For a brief, not-so-shining moment, Volkswagen became the largest company by market capitalization in the world. How, you might ask, in the face of a crashing car market, could that be possible? In a word: SQUEEZE.
Numerous hedge funds went short VW shares, only to find out to their dismay on Sunday that Porsche had acquired a far larger long position than anyone expected. The scramble to cover short positions caused the price to rise from about 300 Euros to 1275 Euros. Just like the crude oil episode a little over a month ago, this bears all the hallmarks of a squeeze.
Porsche claims no responsibility, and in a statement that echoes many others that manipulators have made over the years, blames the shorts: “It added that it ‘denies all responsibility for these market distortions and for the resulting risks to which the short sellers have exposed themselves.'” It further said, “Short sellers [are] responsible for extreme price movements in Volkswagen.”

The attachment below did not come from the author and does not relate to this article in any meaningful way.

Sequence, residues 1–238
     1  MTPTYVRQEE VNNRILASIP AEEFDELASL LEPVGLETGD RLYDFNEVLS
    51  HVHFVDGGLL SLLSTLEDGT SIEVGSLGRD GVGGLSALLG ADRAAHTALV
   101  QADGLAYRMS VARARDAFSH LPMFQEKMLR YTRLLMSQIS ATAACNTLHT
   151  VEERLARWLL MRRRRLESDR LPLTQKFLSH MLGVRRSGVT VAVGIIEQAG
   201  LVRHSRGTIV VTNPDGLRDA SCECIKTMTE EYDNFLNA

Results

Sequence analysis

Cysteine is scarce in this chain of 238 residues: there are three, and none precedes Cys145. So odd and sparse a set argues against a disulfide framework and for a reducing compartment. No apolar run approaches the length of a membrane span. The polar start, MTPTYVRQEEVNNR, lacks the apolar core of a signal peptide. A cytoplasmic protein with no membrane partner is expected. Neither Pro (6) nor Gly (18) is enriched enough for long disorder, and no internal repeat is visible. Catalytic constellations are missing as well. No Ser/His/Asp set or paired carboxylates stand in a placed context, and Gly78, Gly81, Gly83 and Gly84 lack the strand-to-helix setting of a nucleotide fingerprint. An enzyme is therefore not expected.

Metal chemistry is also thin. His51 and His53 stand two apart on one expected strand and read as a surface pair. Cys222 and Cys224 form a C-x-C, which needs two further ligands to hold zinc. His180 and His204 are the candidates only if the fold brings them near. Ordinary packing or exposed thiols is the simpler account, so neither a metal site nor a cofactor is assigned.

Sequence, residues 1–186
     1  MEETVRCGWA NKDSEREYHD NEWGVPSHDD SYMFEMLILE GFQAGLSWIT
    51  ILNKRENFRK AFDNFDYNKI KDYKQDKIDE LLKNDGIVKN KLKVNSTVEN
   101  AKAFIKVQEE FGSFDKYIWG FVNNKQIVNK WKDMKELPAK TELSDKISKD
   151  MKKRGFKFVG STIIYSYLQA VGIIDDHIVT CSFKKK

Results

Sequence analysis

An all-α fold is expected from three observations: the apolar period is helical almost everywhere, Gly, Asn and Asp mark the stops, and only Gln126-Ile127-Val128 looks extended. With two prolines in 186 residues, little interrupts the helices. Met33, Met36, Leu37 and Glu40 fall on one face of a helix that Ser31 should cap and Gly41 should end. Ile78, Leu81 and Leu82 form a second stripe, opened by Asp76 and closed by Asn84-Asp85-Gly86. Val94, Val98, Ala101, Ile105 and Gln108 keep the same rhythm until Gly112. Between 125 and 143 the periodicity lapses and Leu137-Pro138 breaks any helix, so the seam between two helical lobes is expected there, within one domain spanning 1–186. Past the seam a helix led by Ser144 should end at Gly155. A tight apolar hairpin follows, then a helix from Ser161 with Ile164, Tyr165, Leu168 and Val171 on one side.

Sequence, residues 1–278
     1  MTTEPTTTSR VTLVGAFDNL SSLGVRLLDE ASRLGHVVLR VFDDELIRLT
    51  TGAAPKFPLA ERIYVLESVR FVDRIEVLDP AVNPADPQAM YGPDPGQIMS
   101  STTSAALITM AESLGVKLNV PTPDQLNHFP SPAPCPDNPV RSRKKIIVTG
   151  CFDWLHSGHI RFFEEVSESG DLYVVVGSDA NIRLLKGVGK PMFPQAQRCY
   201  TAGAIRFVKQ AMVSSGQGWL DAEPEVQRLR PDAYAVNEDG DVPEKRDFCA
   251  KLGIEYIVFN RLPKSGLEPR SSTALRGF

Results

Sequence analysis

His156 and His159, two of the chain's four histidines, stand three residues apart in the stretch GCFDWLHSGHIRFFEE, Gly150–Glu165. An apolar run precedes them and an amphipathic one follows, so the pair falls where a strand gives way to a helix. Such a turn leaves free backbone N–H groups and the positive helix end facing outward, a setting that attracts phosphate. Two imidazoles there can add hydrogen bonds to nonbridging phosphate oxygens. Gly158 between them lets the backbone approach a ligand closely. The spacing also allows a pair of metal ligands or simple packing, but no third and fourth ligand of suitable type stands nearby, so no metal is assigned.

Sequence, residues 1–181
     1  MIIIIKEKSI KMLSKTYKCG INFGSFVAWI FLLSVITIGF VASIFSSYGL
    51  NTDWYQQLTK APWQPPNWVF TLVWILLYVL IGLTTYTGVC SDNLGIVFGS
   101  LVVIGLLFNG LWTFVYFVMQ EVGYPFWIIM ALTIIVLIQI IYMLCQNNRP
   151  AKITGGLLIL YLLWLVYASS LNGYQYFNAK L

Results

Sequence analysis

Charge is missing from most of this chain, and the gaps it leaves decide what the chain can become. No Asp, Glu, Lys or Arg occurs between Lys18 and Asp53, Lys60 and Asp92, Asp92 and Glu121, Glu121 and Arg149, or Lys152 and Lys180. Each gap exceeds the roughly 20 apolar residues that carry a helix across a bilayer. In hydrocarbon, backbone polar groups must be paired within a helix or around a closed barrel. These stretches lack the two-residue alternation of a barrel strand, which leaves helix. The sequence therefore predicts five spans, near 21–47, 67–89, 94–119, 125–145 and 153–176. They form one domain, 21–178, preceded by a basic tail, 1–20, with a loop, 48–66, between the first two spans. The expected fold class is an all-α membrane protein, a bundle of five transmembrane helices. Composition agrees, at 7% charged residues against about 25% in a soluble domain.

Sorry, kameraden, but (a) you are the large long, and (b) such price movements occur only if the large long inefficiently restricts liquidations of its outstanding positions in the underlying and derivatives. Note that the price came down substantially–but not to their pre-squeeze levels–when the company announced it would sell 5 percent of VW shares, doubling the float in the stock. This indicates that the company’s liquidation decisions affect prices–that it is a price maker, not a price taker.
The German regulator, Bafin, is investigating. It will be interesting to see how this turns out.